Kulbars say that Iranian border guards and security forces consider their lives worthless and shoot them in the head and the chest while they are carrying heavy loads and cannot escape [Persian link]. Kulbars take routes that are not used by the armed members of Kurdish opposition parties because these routes are under close observation by the Iranian border guards. It is not clear why the security forces do not shoot in the air as a warning to stop the kulbars, instead of shooting to kill them.
Security forces show no mercy to pack animals either and ruthlessly kill kulbars’ horses and mules as well. Not only is it a crime to kill innocent animals whose owners have put loads on their backs, this killing also robs the families of their only source of income, which is dependent on these animals. In certain cases, security forces have even massacred horses and mules that were not carrying anything, such as in the massacre in May 2018 in a village in West Azerbaijan province, when forces killed close to 90 horses that were simply grazing [Persian links].
Kulbari, a Direct Consequence of Poverty
So why are kulbars willing to make a living in one of the most dangerous ways possible? Or, more specifically: why, in certain border areas of Iran, are there people who, to prevent themselves and their families from dying of hunger, have no other choice for work but kulbari?
The answer lies at the economic roots of kulbari. Nothing can drive a human being to an activity that is so dangerous and, at the same time, so difficult and pays so little, like absolute poverty and extreme hunger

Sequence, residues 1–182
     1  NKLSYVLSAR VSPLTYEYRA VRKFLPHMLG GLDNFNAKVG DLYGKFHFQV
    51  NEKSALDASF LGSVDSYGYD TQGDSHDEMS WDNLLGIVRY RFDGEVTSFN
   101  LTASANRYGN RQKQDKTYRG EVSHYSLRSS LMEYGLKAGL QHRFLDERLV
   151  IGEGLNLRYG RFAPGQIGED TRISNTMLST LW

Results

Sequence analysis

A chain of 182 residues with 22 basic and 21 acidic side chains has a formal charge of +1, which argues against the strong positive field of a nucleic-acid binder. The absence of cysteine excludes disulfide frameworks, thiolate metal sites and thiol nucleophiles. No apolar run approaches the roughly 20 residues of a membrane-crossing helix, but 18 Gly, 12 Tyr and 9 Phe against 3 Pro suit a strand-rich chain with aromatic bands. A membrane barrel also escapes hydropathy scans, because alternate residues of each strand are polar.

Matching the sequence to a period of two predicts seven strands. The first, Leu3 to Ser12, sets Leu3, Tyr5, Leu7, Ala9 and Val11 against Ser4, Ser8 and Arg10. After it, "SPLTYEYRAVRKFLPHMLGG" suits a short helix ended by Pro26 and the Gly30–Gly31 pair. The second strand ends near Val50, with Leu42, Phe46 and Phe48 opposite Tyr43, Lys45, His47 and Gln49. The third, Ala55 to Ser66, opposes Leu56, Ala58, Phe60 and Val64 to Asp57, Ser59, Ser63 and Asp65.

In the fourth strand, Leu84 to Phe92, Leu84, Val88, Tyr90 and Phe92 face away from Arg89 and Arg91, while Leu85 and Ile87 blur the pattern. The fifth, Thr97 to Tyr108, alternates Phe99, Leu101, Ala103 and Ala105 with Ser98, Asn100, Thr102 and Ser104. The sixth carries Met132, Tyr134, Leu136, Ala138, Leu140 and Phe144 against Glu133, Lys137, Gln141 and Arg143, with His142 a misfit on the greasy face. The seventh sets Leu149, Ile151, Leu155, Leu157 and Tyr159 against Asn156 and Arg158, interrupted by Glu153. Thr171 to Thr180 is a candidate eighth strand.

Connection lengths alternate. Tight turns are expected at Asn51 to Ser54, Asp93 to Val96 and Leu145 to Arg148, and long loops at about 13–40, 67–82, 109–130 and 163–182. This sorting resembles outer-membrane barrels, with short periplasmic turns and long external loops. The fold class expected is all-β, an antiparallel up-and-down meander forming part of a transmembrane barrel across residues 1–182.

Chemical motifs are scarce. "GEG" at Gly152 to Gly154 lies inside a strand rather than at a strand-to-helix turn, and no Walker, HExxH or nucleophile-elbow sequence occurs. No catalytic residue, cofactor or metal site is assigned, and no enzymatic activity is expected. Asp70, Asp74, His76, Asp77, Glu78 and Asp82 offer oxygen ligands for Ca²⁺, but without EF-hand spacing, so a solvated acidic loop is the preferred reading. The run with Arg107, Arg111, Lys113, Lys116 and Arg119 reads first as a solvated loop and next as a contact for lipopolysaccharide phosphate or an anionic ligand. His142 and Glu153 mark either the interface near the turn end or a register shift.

The major factors contributing to this absolute poverty in Kurdistan and Kurdish areas, and which drive people to the dangerous job of kulbari, include “lack of economic infrastructures and lack of investment to build these infrastructures,” “disproportionate allocation of national resources in a way that ignores the margins and benefits the center,” “lack of job opportunities and lack of planning for stable employment and resulting widespread unemployment” and, most of all, “the treatment of Kurdish areas as a security matter.” [Persian link].
Economic indicators published by various official organizations in Iran confirm the claims above. According to these statistics, Kurdish areas from West Azerbaijan to the province of Ilam are among the most underdeveloped regions of Iran, suffer from structural shortcomings and fall way behind central regions of Iran in every social, political, cultural and economic indicator.
For instance, according to 2018 statistics published by the Statistical Center of Iran, the per capita income of Kurdistan province is around 46.4 percent of the national average, putting the province at the rank of 29 among 31 Iranian provinces. In the same year, Kurdistan’s share in the gross domestic product was 0.95 percent, meaning less than one percent, and 23rd among all Iranian provinces. According to the statistics for all recent years, the provinces of Kurdistan, Kermanshah and Ilam were among the four provinces with the highest rate of unemployment in Iran [Persian links].